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Dear Helen,

Thank you so much for your provocative, engaging reply to my post challenging you on the issue of who is ultimately to blame for sexless marriages:

I have a few questions for you, Dave. What if the man does all of the things you suggest such as put her in the mood, goes through all of the rituals etc. you suggest and then ends up with nothing? Then what? The man should then continue in a sexless marriage? Bask in the glow of his “self-control” as he wonders where the sex went? According to you, he alone (the loser!) is to blame. It takes two to tango, if you blame him alone for their lack of sex, you see women as having no responsibility and no agency in sex. Isn’t this a little sexist?

In framing the question this way, you’re kind of understating the degree of our disagreement. What I advocate for in my post goes far deeper than just rituals and more foreplay. I put the philosophy embedded in Shmuley Boteach’s three books on Jewish mysticism and Biblical marriage on the table. It’s not that this is just some magic trick that will result in more sex, it’s that I’m advocating that both husband and wife together choose to embrace a religious attitude toward sex and marriage instead of being secularists.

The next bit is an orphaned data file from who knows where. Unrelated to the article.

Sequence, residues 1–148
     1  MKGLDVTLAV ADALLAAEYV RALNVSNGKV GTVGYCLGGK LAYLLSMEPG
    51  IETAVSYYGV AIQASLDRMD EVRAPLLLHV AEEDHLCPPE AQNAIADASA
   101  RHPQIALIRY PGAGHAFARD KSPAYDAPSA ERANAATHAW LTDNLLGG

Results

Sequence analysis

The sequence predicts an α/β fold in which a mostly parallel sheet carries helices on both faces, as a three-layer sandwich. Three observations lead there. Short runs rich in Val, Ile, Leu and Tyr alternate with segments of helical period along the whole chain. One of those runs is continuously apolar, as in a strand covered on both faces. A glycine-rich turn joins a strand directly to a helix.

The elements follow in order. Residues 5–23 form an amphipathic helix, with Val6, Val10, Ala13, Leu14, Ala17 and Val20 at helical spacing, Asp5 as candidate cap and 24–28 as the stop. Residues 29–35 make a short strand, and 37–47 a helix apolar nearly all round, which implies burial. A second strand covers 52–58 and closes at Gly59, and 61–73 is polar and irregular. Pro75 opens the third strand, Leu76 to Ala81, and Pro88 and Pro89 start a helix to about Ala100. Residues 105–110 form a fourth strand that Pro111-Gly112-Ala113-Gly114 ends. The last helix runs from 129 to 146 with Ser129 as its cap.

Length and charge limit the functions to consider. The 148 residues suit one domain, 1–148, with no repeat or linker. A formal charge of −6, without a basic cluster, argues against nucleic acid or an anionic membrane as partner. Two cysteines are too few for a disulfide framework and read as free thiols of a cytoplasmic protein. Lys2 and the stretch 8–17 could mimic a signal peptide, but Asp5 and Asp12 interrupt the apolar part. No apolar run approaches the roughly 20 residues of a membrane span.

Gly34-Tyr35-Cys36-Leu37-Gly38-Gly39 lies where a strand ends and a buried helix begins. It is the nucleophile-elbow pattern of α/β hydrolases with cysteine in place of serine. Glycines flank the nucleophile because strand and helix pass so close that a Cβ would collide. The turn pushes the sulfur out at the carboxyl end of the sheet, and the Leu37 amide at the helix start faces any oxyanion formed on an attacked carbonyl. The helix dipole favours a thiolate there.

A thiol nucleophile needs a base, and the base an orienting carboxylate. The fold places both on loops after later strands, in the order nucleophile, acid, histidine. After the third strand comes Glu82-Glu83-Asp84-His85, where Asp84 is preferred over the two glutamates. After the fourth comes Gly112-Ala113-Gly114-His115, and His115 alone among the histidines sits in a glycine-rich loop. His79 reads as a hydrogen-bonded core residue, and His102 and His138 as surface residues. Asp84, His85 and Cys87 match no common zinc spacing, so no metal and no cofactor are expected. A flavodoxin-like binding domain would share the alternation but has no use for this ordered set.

A sexless marriage is not an actual problem — it’s just one outward symptom of a deeper disease. In focusing on fixing sexlessness in a marriage we miss the source of what’s driving it. In any marriage — apart from where physical illness prevents partners from performing — when either husband or wife all of a sudden isn’t interested in sex the reason is so obvious and simple it seems silly to point it out: something else exists that is more important to them than their marriage. They have found a new idol and their devotion to it will destroy their lives as a result. They are engaged in self-sacrifice in service to their new deity.